Advertisement

Judge imposes gag order in Trump hush money case

A New York judge placed Donald Trump under a gag order ahead of his criminal hush money case that begins 15 April.

He is barred from making public statements about court staff, jurors, witnesses and lawyers in the district attorney's office - or their families.

The gag order does not apply to the district attorney.

The Trump campaign said the order, which is limited in some instances, violated his free speech rights.

In several instances, the order requires that the comments would have to be "made with the intent to materially interfere" with the case.

Justice Juan Merchan granted the limited gag order after Manhattan District Attorney Alvin Bragg requested it.

Earlier today, Mr Trump attacked Justice Merchan's daughter on his Truth Social account, and called the judge a "certified Trump hater".

Mr Trump faces 34 felony counts in connection with hush money payments allegedly made to Stormy Daniels, an adult film star, ahead of the 2016 election.

He has pleaded not guilty and called the case politically motivated.

In his order, Justice Merchan wrote that he had considered Mr Trump's constitutional free speech rights, but concluded that the former president's "extrajudicial statements went far beyond defending himself against 'attacks' by 'public figures'".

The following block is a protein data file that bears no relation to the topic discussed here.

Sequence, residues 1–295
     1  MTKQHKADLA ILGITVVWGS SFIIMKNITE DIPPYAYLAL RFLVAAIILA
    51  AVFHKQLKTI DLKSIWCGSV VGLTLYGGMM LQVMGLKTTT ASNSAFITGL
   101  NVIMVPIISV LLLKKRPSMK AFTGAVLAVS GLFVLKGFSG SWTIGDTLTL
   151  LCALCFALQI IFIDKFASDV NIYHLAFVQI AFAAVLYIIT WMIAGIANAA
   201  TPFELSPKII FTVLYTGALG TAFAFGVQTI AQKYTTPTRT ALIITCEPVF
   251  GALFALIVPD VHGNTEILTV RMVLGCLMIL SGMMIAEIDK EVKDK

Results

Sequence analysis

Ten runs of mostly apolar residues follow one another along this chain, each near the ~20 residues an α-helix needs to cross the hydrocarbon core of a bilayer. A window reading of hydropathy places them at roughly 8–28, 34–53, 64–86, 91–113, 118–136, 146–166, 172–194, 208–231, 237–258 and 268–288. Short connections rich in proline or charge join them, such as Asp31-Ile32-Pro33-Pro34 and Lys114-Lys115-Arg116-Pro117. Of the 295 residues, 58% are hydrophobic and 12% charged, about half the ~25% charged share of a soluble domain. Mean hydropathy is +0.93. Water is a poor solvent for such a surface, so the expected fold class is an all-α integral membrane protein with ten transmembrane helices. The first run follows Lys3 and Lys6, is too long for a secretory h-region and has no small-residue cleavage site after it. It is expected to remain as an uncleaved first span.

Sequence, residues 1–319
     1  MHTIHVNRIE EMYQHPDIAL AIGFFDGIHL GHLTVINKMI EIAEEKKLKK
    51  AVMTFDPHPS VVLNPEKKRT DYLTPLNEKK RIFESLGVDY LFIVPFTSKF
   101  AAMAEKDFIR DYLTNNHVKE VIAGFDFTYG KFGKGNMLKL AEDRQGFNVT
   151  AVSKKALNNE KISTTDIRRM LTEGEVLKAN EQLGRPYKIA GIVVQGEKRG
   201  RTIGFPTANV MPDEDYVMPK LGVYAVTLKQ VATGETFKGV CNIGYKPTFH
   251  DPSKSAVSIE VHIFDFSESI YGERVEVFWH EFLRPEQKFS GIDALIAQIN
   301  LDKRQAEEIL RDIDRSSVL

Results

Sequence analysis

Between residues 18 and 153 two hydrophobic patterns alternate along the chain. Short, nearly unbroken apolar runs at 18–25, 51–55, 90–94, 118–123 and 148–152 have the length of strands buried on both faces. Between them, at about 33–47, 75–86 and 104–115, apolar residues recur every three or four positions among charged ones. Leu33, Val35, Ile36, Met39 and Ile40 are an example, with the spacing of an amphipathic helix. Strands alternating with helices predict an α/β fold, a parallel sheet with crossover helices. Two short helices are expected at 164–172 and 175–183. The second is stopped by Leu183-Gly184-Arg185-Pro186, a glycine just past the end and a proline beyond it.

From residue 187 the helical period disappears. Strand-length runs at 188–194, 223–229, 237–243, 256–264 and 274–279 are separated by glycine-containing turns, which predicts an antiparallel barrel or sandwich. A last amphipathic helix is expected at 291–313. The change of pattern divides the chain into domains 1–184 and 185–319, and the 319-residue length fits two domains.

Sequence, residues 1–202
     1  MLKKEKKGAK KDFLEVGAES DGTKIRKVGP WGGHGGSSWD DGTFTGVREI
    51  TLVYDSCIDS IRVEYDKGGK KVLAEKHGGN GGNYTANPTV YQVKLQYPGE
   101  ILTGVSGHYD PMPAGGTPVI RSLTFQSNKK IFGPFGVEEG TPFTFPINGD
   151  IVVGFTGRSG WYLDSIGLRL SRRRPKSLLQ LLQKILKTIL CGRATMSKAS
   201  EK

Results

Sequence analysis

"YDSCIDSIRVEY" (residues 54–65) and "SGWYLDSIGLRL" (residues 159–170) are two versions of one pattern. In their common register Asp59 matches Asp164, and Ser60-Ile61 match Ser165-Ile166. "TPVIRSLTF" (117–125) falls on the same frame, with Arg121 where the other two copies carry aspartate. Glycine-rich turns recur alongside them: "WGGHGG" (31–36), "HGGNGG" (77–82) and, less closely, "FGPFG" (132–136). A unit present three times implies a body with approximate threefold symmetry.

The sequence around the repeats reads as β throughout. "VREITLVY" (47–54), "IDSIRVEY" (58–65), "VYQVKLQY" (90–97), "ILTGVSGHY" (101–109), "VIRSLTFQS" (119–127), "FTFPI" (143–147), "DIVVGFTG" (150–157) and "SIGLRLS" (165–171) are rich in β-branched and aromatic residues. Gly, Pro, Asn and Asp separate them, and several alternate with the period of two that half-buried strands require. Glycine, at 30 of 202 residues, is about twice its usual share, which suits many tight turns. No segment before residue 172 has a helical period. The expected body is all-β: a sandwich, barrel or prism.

Instead, Justice Merchan said he had found Mr Trump's "statements were threatening, inflammatory, denigrating" and led to fear and increased security requirements for those targeted.

Mr Bragg had asked the court to issue a gag order in February, citing the former president's "longstanding and singular history" of attacking his opponents.

Mr Trump's attorneys argued, however, that he is "the presumptive Republican nominee and leading candidate in the 2024 election". They said that it would be "unconstitutional and unlawful" to impose restrictions on his speech.

Justice Merchan is not the first judge to impose such restrictions on Mr Trump.

The former president has frequently attacked prosecutors and court staffers involved in his myriad of legal cases. At times, it has served to galvanize his supporters.

A judge in an earlier civil case involving his real estate companies placed Mr Trump under a gag order after he attacked a court clerk via social media. He also twice fined the former president for violating the order.

Mr Trump must pay a $454m bond that came as a result of that civil fraud trial. An appeals court temporarily slashed that payment to $175m on Monday.